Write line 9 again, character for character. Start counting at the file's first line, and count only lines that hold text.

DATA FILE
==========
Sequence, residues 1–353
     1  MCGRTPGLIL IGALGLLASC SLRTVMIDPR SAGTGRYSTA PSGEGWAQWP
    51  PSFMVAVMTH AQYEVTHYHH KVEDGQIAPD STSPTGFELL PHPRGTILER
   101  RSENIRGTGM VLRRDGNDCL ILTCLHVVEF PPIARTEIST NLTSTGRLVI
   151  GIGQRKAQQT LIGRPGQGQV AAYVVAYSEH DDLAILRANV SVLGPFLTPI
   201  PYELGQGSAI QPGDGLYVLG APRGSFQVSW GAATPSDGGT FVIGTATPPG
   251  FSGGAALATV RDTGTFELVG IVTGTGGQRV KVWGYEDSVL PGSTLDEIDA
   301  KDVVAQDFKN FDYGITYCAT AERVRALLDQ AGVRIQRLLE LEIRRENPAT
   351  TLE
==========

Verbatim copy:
   351  TLE